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Time Life Great Ages of Man Ancient Egypt Ramses Djoser Nefertiti Akhenaten Isis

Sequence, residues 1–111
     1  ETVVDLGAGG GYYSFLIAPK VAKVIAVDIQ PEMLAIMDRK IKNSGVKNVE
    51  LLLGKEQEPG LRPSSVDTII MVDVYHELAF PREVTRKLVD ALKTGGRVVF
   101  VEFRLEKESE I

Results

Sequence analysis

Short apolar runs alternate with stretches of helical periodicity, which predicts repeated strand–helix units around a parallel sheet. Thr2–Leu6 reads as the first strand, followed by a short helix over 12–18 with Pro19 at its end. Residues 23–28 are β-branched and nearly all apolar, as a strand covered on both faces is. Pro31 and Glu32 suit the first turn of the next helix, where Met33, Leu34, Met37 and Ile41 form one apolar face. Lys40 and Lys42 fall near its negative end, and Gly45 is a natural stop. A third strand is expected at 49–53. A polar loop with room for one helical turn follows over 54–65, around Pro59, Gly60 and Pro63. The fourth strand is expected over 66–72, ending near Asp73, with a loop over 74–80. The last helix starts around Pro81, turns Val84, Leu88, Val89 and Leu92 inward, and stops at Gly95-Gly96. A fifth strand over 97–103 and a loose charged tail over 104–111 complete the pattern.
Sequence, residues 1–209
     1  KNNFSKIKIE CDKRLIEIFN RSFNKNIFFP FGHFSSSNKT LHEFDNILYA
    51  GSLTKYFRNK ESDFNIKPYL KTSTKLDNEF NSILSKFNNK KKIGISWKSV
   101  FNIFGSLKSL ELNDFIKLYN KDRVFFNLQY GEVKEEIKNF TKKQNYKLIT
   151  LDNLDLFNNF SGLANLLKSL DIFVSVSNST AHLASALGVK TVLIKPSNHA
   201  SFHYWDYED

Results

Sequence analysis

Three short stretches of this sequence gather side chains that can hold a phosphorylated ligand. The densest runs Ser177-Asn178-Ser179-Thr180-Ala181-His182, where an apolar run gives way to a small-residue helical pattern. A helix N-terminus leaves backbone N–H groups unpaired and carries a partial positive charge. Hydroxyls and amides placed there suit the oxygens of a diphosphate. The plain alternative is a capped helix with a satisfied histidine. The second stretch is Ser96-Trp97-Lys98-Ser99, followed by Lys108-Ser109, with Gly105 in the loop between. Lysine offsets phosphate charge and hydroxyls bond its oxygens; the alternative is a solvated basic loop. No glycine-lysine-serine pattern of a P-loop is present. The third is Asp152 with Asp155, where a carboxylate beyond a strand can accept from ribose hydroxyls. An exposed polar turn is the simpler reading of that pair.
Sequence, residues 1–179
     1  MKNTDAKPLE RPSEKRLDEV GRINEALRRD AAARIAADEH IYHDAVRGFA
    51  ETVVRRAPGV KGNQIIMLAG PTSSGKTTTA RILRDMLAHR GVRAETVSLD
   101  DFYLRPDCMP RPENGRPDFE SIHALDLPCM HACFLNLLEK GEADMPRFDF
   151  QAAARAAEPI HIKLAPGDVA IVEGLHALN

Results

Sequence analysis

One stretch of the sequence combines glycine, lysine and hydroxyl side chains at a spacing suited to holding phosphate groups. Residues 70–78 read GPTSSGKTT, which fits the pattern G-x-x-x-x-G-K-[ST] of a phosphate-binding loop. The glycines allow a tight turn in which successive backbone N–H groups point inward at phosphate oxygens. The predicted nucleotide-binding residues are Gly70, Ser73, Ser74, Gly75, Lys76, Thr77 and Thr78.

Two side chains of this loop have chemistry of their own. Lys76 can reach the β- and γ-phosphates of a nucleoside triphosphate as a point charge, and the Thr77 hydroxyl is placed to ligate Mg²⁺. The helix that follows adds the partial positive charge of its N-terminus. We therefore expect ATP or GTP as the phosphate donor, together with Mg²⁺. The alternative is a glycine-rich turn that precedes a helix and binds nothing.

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Seller: ancientgifts (4,181) 99.3%, Location: Lummi Island, Washington, Ships to: Worldwide, Item: 122196711564 Click here to see 1,000 archaeology/ancient history books and 2,000 ancient artifacts, antique gemstones, antique jewelry! Time-Life Great Ages of Man Series – Ancient Egypt. NOTE: We have 75,000 books in our library, almost 10,000 different titles. Odds are we have other copies of this same title in varying conditions, some less expensive, some better condition. We might also have different editions as well (some paperback, some hardcover, oftentimes international editions). If you don’t see what you want, please contact us and ask. We’re happy to send you a summary of the differing conditions and prices we may have for the same title. CONDITION: Light shelf wear, otherwise in Very Good to Like New condition. Seemingly never read, at worst flipped through a few times. Pages are pristine; clean, unmarked, unmutilated, tightly bound. Satisfaction unconditionally guaranteed. In stock, ready to ship. No disappointments, no excuses. PROMPT SHIPPING! HEAVILY PADDED, DAMAGE-FREE PACKAGING! PLEASE SEE IMAGES BELOW FOR JACKET DESCRIPTION(S) AND FOR PAGES OF PICTURES FROM INSIDE OF BOOK. DESCRIPTION: Hardcover: 192 pages. Publisher: Time-Life Books Inc.; (1971). The “Great Ages of Man” series was released in the mid-1960’s. Each volume undertakes to describe the major events that happened in one specific time period (or “age”) in the development of mankind’s civilization(s). The volumes are richly illustrated, and designed as an introduction to the time frame covered. Especially compelling are the artists interpretations or recreations of what various ancient civilizations would have looked like – their architecture, homes, monuments, cities, daily life, jewelry, food, family life, dwellings, occupations, etc. As just one instance, the ruins of Babylon and Ur, Athens and Rome hint at the incredible richness of those fabled cities. The artist’s recreations in this series are simply mind-numbing. This is as close as you can be to actually having been there. Equally noteworthy are the photographic collections of artifacts and relics attributed to the specific age, really exceptional. The entire series is truly a magnificent introduction to the history of the era. If you could have just one book (or series of books) to introduce the history of humankind, this would have to be it. The overviews are concise and well-written. Together with the illustration and pictures they impart a wonderful mental and emotional “picture” of what life must have been like in various civilizations and at various times. Done in a style so wonderfully characteristic of Time-Life’s publications, these are over-sized “coffee table” type books full of impressive imagery. The pictures of the world’s greatest art and architecture alone are worth the cost of these books. But don’t get the impression that these volumes are “fluff”. While a particular volume might not quite take the place as a university degree, the material is well-written, informative, and immensely intellectually gratifying, overview though it might be. Some of the subject material included is enumerated below so as to give you an idea of the rich content: CHAPTER ONE: The Enduring Land. Valley of the Nile (A Map: Mediterranean Sea; Red Sea; Gulf of Suez; Sinai; Eastern Desert; Western Desert; Lower Egypt; Pyramid of Menkaure; Pyramid of Khafre; The Great Sphinx; Pyramid of Khufu; Step Pyramid; Bent Pyramid; Faiyum; Gizeh; Memphis; Sakkarah; Dashur; Bahr Yusef; Akhetaton (Tell el Amarna); Nile River; Temple of Hathor; Dendera; Karnak; Luxor; Abydos; Temple of Ramses II; Kharga Oasis; Western Thebes; Deir el Bahri; Colossi of Memnon; Temple of Horus; Temple of Amenhotep III; Temple of Kom Ombo; Philae Island; First Cataract; Temple of Isis; Sebua; Temple of Ramses II; Temple of Queen Nofretari; Abu Simbel; Second Cataract. A Symbol of Royalty, a Perfectly Preserved Amulet from Pharaoh Tutankhamen’s Tomb. Soaring Pillars of Karnak: the Lotus Plant of Upper Egypt and the Papyrus of Lower Egypt. Napoleon’s French Army and the Sphinx, a Sketch by Artist Vivant Denon. Picture Essay: Monuments and God Kings (Luxor’s Twin Statues of Ramses II, a Mighty Builder. The Sphinx: A Godly Beast Standing Guard. A Golden Age Memorialized in Stone: Pharaoh Djoser Vizier Imhotep and Sakkarah. A Head of Djoser. Djoser’s Temple and Step Pyramid. The Loftiest Pyramid, Khufu and Khafre’s Gizeh. Massive Reminders of a Virile King: Ramses II “the Great”. A Gigantic Effigy of Ramses II on the Nile River at Abu Simbel. Guardian Statues of Ramses II and his Wife Nofretari at the Queen’s Temple. Royal Wives and a Willful Queen: Hatshepsut, Regent of Thutmose III. Hatshepsut’s Temple at Dier el Bahri. Nefertiti’s Portrait: Wife of Akhenaton, “the Beautiful One is Come”. A Fallen GrandeurAn Unfinished Statue of Osiris, Lord of Eternity at the Aswan Quarry.). CHAPTER TWO: The Gift of the River. Skilled Mariners of the Nile: An Ancient Depiction of Two Egyptian Oarsmen and a Crewman. The Nile (Two Maps): Egypt’s Long, Verdant Lifeline (Alexandria; Heliopolis; Cairo; Lisht; Memphis; Herakleopolis; Hermopolis; Akhetaton (Tell el Amarna); Abydos; Thebes; Luxor; Hierkonpolis; Aswan; Elephantine Island; First Cataract; Philae Island; Abu Simbel; Second Cataract; Wadi Halfa; Third Cataract; Fourth Cataract; Fifth Cataract; Atbara River; Sixth Cataract; Khartoum; White Nile; Lake Tana; Blue Nile; Bahr el Ghazal; Sobalt River; Lake Albert; Lake Kyoga; Lake Victoria; Kagera River; Rosetta; Heliopolis; Memphis; Crocodilopolis; Faiyum; (A Map of Agricultural Products) Emmer, Sheep, Swine, Castor Oil, Grapes, Barley, Cattle, Papyrus, Date Palm, Flax, Sesame, Goats. The Shaduf: Raising Nile Water for Irrigation. The Flooding Pattern of the Nile (27 Feet at Wadi Halfa in 1931-2). Picture Essay: Life on the Nile (Crossing a Nile Canal: A Procession of Cattle, Camel, and Herders. The Fertile Margin of the Nile. Ingenious Agricultural Techniques. Winnowing Wheat with a Wooden Pitchfork. Plowing the Topsoil with a Scratch Plow and Oxen. Swift Sails and Forbidden Fish. Lateen Sails Billowing: A Fleet of Swift, Light, Shallow-Draft Feluccas. Flinging Wide Nets: An Ancient Technique Utilizing Knotted Linen Cord and Lead Weights. The Harsh Life of the Villager. Egypt’s Mudbrick Houses. A Procession of Barefoot Women Carrying Clay Water Jugs. Baking Flat Bread Loaves in a Home Oven. Harnessing the Yearly Flood. Irrigation Ditches Bringing Water to an Arid Land. Blindfolded Cattle Trudging a Circle Raising Nile Water for Irrigation. The Measured Land: A Panorama of Applied Geometry (Egyptian Agricultural Fields). CHAPTER THREE: Pathway to Power. Menes and the City of Memphis in 3000BC. A Depiction of the Enemy Sea Peoples Invaders on a Temple of Ramses III. Smiting a Foe: King Narmer in a Commemorative Palette Wearing a Tall White Miter Crown as King of Upper Egypt. Parading in Triumph: King Narmer and Leashed Panthers in a Commemorative Palette, Narmer Wearing the Captured Crown of Lower Egypt. Busts and Statues of Pharaohs and Queens of the New Kingdom: Nefertiti, Hatshepsut, Tuthmose III, Ramses II, Amenhotep III. The Empire at Its Height: The 1450BC Kingdom of New Kingdom Pharaoh Thutmose III (a Map): Red Sea, Napata, Nubia, Eastern Desert, Kharga Oasis, Dakhla Oasis, Siwa Oasis, Thebes, Nile River, Memphis, Sinai, Gaza, Byblos, Palestine, Syria, Arabian Desert, Persian Gulf, Babylonia, Tigris River, Euphrates River, Carchemish, Kingdom of Mitanni, Assyria, Caspian Sea, Hittite Empire, Cyprus, Mediterranean Sea, Crete, Minoan Civilization, Aegean Sea. Distinctive Crowns of Ancient Egypt’s Kings and Gods: Hemhemet Crown, White Crown, Red Crown, Double Crown, War Crown. Picture Essay: The War Machine (An Ancient Depiction of Pharaoh Ramses III Spearing a Libyan. The Hard Lot of the Infantry: An Ancient Depiction of Close-Ranked Egyptian Infantrymen Armed with Spears. An Ancient Depiction of Enemy Warriors with Swords, Shields, and Body Armor Caught in a Thick Barrage of Long-Shafted Egyptian Arrows. A Deadly Arsenal: Bow and Arrow, Scimitar, Ax, Bronze Dagger. An Ancient Depiction of an Egyptian Archer with Wood and Animal Horn Bow Strung with Sinew. An Ancient Depiction of an Egyptian War Chariot. An Ancient War Chariot Recovered from a Noble’s Tomb. Repelling an Invasion by Sea. An Ancient Depiction of Seagoing Archers Shooting from an Egyptian Warship. A Depiction of an Egyptian Warship. The Victors’ Tally of the Spoils: An Ancient Depiction of Victorious Egyptians Bringing Libyan Spoils to the Pharaoh. An Ancient Depiction of Captive Libyan Soldiers.). CHAPTER FOUR: Gods and the Afterlife. An Ancient Depiction of Horus, the Falcon-Headed God, at the Temple of Ramses II. Mummified Animals (Associated with Specific Gods) Found in New Kingdom Tombs: A Mummified Cat Associated with Bastet, a Delta Goddess; and a Crocodile Mummy Mask Associated with Sobek, God of Crocodilopolis. An Ancient Depiction of the Folk Gods Sekhmet (Lion-Headed Part-Lion Part-Woman Goddess of War), Bes (a Lion-Headed Dwarf Used to Frighten Off Evil Spirits), and Thoueris (the Hippopotamus Goddess of Fertility and Safe Childbirth. Three Thousand Years Old: the Mummified Head of Ramses II at the Cairo Museum. An Ancient Depiction of King Ay as High Priest Portrayed on the Tomb of his Predecessor Tutankhamen. Picture Essay: The World of the Dead (An Ancient Depiction of the Mystical “Ka”, the Immortal Spirit of Man. Preparations for the Afterlife. An Ancient Depiction of Hired Funeral Mourners. An Ancient Depiction of a Weeping Wife at her Mummified Husband’s Feet. Parade to the Tomb: Egyptian Funerary Ritual – Cities of the Dead in the Western Desert. An Ancient Depiction of the Judgment of Osiris in the Underworld: An Ancient Papyrus for King Merikare. An Ancient Depiction of the Jackal-Headed God Anubis and the Baboon God Thoth Weighing the Heart of a Priestess. An Ancient Depiction of Homage to Osiris by a Nobleman and his Wife. Boats and Birds for Journeys of the Dead. An Ancient Depiction of the Winged “Ba”, the Spirit of the Dead. An Ancient Model and Tomb Offering Depicting a Ship of the Dead Portraying a Mummy with the Likeness of Osiris Reposing Between the God’s Sisters Isis and Nephthys. A Heavenly Horde of Gods: An Ancient Depiction of Mankind’s World and the Major Deities: Re of Heliopolis; Amon of Thebes; Ptah at Memphis; Thoth at Hermopolis; and Nut the Sky Goddess.). CHAPTER FIVE: The Pharaoh and His People. After the Hunt (as Favorite Pastime of Wealthy Ancient Egyptians): An Ancient Depiction of a Servant Dressing Geese. Other Expanding Contemporaneous Cultures: Mycenaeans Colonizing Asia Minor, Hebrews Conquering Canaan; China’s Shang Dynasty; Hittites in Asia Minor Develop Iron Technologies. An Entombed Army of Ancient Egyptian Wooden Soldiers. An Ancient Mummy’s Mask Depicting Ancient Beauty Aids for a Wealthy Egyptian Woman. Ancient Egyptian Cosmetics Artifacts: Pots for Kohl (an Eyeshadow); Sticks for Applying Kohl, Hair Tweezers; a Comb; a Hair Curler; a Bronze Hand Mirror; an Amulet on a String of Beads; Finger Rings; Bead Necklaces and Collars; a Wooden Cosmetic Box; Stone and Palette for Grinding Cosmetics; a Faience Drinking Cup, Alabaster Vases, a Bronze Bowl. Picture Essay: A Leisured Elite (An Ancient Depiction of a Bereaved Family. The Opulence and Order of a Great House: Schematic of the Living Quarters of an Ancient Egyptian Estate (Main Entrance, Caretaker’s Lodge, Chapel, Pool and Garden, Cowpens, Kitchen, Storeroom, Servants’ Quarters, Tack Room and Workshop, Stables, Grain Silos, Entrance Hall and Loggia, Main Hall, Harem, Storeroom, Lavatories, Main Bedroom, Guest Rooms, Bedrooms, West Loggia. The Role of Servants. An Ancient Depiction of a Servant Playing a Harp. An Ancient Depiction of a Servant Girl Adjusting the Earring of a Banquet Guest. A Fertile Source of Wealth, Agriculture, the Source of Commodities and Tax Revenues: An Ancient Depiction of Agricultural Activities (Irrigation and Harvest; Temple and Government Granaries; Reaping Wheat with Sickles and Rope Baskets. Threshing Sheaves of Wheat. Oxen Treading Wheat Kernels out of Husks. Wind Winnowing Wheat. Menna a Fourteenth Century B.C. Scribe Recording Harvest Yields. An Official Surveys Agricultural Fields. Punishing Farmers Arrear in Tax Payments). Scents and Wines. An Ancient Depiction of Fashionable Ladies Indulging in Sniffs of Lotus Blossoms and Sweets. An Ancient Depiction of Vineyard Workers Picking and Treading Grapes for Wine. The Many Moods of an Egyptian Banquet. An Ancient Depiction of Crouching Singers Chanting Hymns Accompanied by Woodwind Instruments. An Ancient Depiction of Dancing Girls and Clapping Musicians. Sport for the Family: An Ancient Depiction of Fowling and Fishing Amidst Tall Papyrus Reeds.). CHAPTER SIX: A Majestic Art. The Massive (33 feet around, 69 feet high) Columns of Amon’s Temple at Karnak. An Ancient Depiction of New Kingdom Artisans Manufacturing Mud Bricks. An Ancient Poem in Praise of a Temple. Twenty Centuries of Architecture in Karnak’s Temple of Amon Re: Building of Thutmose III; Festival Hall of Thutmose III; Remains of Middle Kingdom Temple; Pylon of Thutmose III; Pylons of Thutmose I; Pylon of Amenhotep III; Great Hypostyle Hall (Ramses II and Seti I); Pylon of Ramses I; Temple of Ramses III; Pylon of Taharqa; Temple of Seti II; Colonnade of Taharqa; Obelisk of Hatshepsut. An 18th Dynasty Block Statue of Satepihu, Court Official. An Ancient Painting’s Preliminary Sketch. Furniture and Jewelry Design: An Intricately Carved Boxwood and Ebony Chair with the Figure of Bes; a 12th Dynasty Collar of Gold, Turquoise, Faience, and Carnelian. Picture Essay: The Pyramid Builders (Funeral Barges of the Royal Cortege of a Dead Pharaoh on the Nile Approaching the Great Pyramid. The Arduous Work of the Quarries. A Quarry Gang Cuts a Stone Block with Copper Tools. Tipping a Block: Quarry Workers at Aswan Ease a Stone onto Log Rollers. At Ramp’s End: Quarry Workmen Load a Granite Block onto a Wooden Sledge. The Foundations of a Tomb: Khufu’s Architects. Terracing a Hill. Stonecutters Level a Terrace. Setting a Level Using Connected Water Trenches. Toiling Thousands on a Monumental Construction Job: An Account of the Greek Historian Herodotus. Erecti9ng a Pyramid with Raising Ramps. The Intricate Interior of the Tomb. The Inner Design of the Great Pyramid. Roofing the King’s Chamber with Granite Slabs. Plugging the Grand Gallery’s Ascending Corridor. Sealing the Tomb. Final Procession to the Other World. The Great Causeway of the Mortuary Temple.). CHAPTER SEVEN: Works of the Mind. An Ancient Depiction of the Land of “Punt”, Paradise Beyond the Red Sea: Frankincense Trees with Cattle Grazing Beneath. Papyrus Reeds for Papermaking, Sails, Ropes, and Sandals. Forming Paper from Raw Papyrus. An Ancient Papyrus of New Kingdom Comic Strip Art: A Lion Plays Checkers with a Gazelle; Wolves Watch Over Goats; a Cat Tends a Flock of Geese. An Old Kingdom Sculpture of a Seated Scribe. Picture Essay: The Message of the Stones (Ancient Hieroglyphic Praise to Sesostris I at Karnak. Unlocking a Lost Language: The Broken Black Basalt Slab Uncovered by Napoleon at Rashid (Rosetta). The Decipherer of the Hieroglyphic Language: Jean Francois Champollion. The First Translations: Ptolemaios (Ptolemy). Pictures that Spell Words. The Egyptian Alphabet: Symbols of Sounds (24 Single Consonant Sounds). A Picture Glossary. Sound and Sight. Translating an (Ancient) Father’s Tribute to his Son. Striking Symbols of a Proud Tradition: Hieroglyphics. A Vivid Cartouche from Queen Nofretari’s Tomb. Golden Figures from the Funerary Bed of Queen Hetephras. Phonetic Symbols Carved on a Monument of Thutmose I at Karnak. ). CHAPTER EIGHT: Centuries of Decline. A Sacred Falcon Statue Guards the Ptolemaic-Era Temple of Horus at Edfu. The Relocation of the Temple Complex at Abu Simbel: The Temple of Ramses II, the Temple of Nofretari. Picture Essay: Tutankhamen’s Treasure (The Treasures of the Tomb’s First Room. The Long Search for a Forgotten Tomb: The Search by Howard Carter. The Innermost Room and the Gilded Chest Holding the Boy-King’s Viscera; and a Jackal-God (Anubis) Atop a Gilt Chest full of Jewels and Sacred Amulets. The Annex: Ivory Game Boards and Boxes of Funerary Figures. Howard Carter Examining one of Tutankhamen’s Coffins. Glittering Spoils for Tomb Robbers. The Plundered Antechamber. A Stripped Statue of Tutankhamen. Symbols of Royalty. A Cedarwood Chest with Hieroglyphs and Sacred Symbols. A Golden Martial Medallion Depicts Tutankhamen as if Returning from War, Preceded by Captives, Followed by a Serpent Goddess. Tutankhamen’s Gold-Sheathed Glass and Gemstone Inlaid Throne. A Golden Unguent Box Depicting Tutankhamen Seated Under the Sun. The Trappings of Life for a Dead King. An Alabaster Oil Vase Inlaid with Floral Garlands. Royal Daggers of Gold and Iron. An Ornamental Boat Depicting a Young Girl in the Prow Clasping a Lotus Blossom and a Dwarf Poling the Boat. Beasts of the Tomb. A Varnished Jackal with Silver Claws (Anubis). A Gold-Gilded Cow with Lyre-Shaped Horns Holding a Shining Sun Disk (the Goddess Hathor). A Gold-Gilded and Gessoed Lioness Bier. Ancient Sentinels of the Afterlife. A Life-Sized Statue of King Tutankhamen Holding Mace and Staff. The Attentive Goddess Serket Wearing a Scorpion as a Headdress Protects the Shrine Holding Tutankhamen’s Internal Organs. A Deathless Monarch Lying in State: The Golden Coffins of Tutankhamen. Charting Crossroad Civilizations Between East and West: Hellenistic World; Crete and Mycenae; Early Russia, Phoenicia; Byzantium; Hebrews; Early Christianity; Iran; Islamic and Ottoman Empires; Mesopotamia; Anatolia; Western European Exploration and Colonization; Egypt; African Kingdoms. A Chronology of Ancient Egypt: Early Dynastic Period (3100-2686 BC); Old Kingdom (2686-2181 BC); Intermediate Period (2181-2040 BC); Middle Kingdom (2133-1786 BC); Intermediate Period (1786-1567 BC); New Kingdom (1567-1085 BC); Late Dynastic Period (1085-341 BC); Ptolemaic Period (332-30 BC). A Gallery of the Gods of Ancient Egypt: Isis (“Mother Goddess - Wife and Sister of Osiris); Re (Falcon-Headed Sun God of Heliopolis); Anubis (Jackal God of Mummification); Hathor (Horned Cow Goddess of Love, Happiness, Dance and Music); Seth (Donkey-Headed Lord of Upper Egypt); Thoth (Ibis or Baboon-Headed God of Wisdom and the Moon); Nephthys (Sister of Isis, Goddess of Women); Horus (Falcon-Headed God of Life, Son of Isis and Osiris); Osiris (Father God of the Earth, the Nile Flood, and Agriculture); Ptah (a Local God of Memphis, the Patron of Craftsmen); Sobek (the Crocodile-Headed God of the Oasis City of Crocodilopolis); Amon (God of Thebes, Sometimes Depicted as a Goose or Ram, Worshiped by the Romans as Jupiter-Amon). I always ship books Media Mail in a padded mailer. This book is shipped FOR FREE via USPS INSURED media mail (“book rate”). All domestic shipments and most international shipments will include free USPS Delivery Confirmation (you might be able to update the status of your shipment on-line at the USPS Web Site and free insurance coverage). A small percentage of international shipments may require an additional fee for tracking and/or delivery confirmation. If you are concerned about a little wear and tear to the book in transit, I would suggest a boxed shipment - it is an extra $1.00. Whether via padded mailer or box, we will give discounts for multiple purchases. International orders are welcome, but shipping costs are substantially higher. Most international orders cost an additional $12.99 to $33.99 for an insuredshipment in a heavily padded mailer, and typically includes some form of rudimentary tracking and/or delivery confirmation (though for some countries, this is only available at additional cost). There is also a discount program which can cut postage costs by 50% to 75% if you’re buying about half-a-dozen books or more (5 kilos+). Rates and available services vary a bit from country to country. You can email or message me for a shipping cost quote, but I assure you they are as reasonable as USPS rates allow, and if it turns out the rate is too high for your pocketbook, we will cancel the sale at your request. ADDITIONAL PURCHASES do receive a VERY LARGE discount, typically about $5 per book (for each additional book after the first) so as to reward you for the economies of combined shipping/insurance costs. Your purchase will ordinarily be shipped within 48 hours of payment. We package as well as anyone in the business, with lots of protective padding and containers. All of our shipments are sent via insured mail so as to comply with PayPal requirements. We do NOT recommend uninsured shipments, and expressly disclaim any responsibility for the loss of an uninsured shipment. Unfortunately the contents of parcels are easily “lost” or misdelivered by postal employees – even in the USA. That’s why all of our domestic shipments (and most international) shipments include a USPS delivery confirmation tag; or are trackable or traceable, and all shipments (international and domestic) are insured. We do offer U.S. Postal Service Priority Mail, Registered Mail, and Express Mail for both international and domestic shipments, as well United Parcel Service (UPS) and Federal Express (Fed-Ex). Please ask for a rate quotation. We will accept whatever payment method you are most comfortable with. If upon receipt of the item you are disappointed for any reason whatever, I offer a no questions asked return policy. Send it back, I will give you a complete refund of the purchase price (less our original shipping costs). Most of the items I offer come from the collection of a family friend who was active in the field of Archaeology for over forty years. However many of the items also come from purchases I make in Eastern Europe, India, and from the Levant (Eastern Mediterranean/Near East) from various institutions and dealers. Though I have always had an interest in archaeology, my own academic background was in sociology and cultural anthropology. After my retirement however, I found myself drawn to archaeology as well. Aside from my own personal collection, I have made extensive and frequent additions of my own via purchases on Ebay (of course), as well as many purchases from both dealers and institutions throughout the world - but especially in the Near East and in Eastern Europe. I spend over half of my year out of the United States, and have spent much of my life either in India or Eastern Europe. In fact much of what we generate on Yahoo, Amazon and Ebay goes to support The Hermitage Museum in St. Petersburg, as well as some other worthy institutions in Europe connected with Anthropology and Archaeology. I acquire some small but interesting collections overseas from time-to-time, and have as well some duplicate items within my own collection which I occasionally decide to part with. Though I have a collection of ancient coins numbering in the tens of thousands, my primary interest is in ancient jewelry. My wife also is an active participant in the "business" of antique and ancient jewelry, and is from Russia. I would be happy to provide you with a certificate/guarantee of authenticity for any item you purchase from me. There is a $2 fee for mailing under separate cover. Whenever I am overseas I have made arrangements for purchases to be shipped out via domestic mail. If I am in the field, you may have to wait for a week or two for a COA to arrive via international air mail. But you can be sure your purchase will arrive properly packaged and promptly - even if I am absent. And when I am in a remote field location with merely a notebook computer, at times I am not able to access my email for a day or two, so be patient, I will always respond to every email. Please see our "ADDITIONAL TERMS OF SALE." TRANSLATE Arabic Chinese French German Greek Indonesian Italian Hindi Japanese Korean Swedish Portuguese Russian Spanish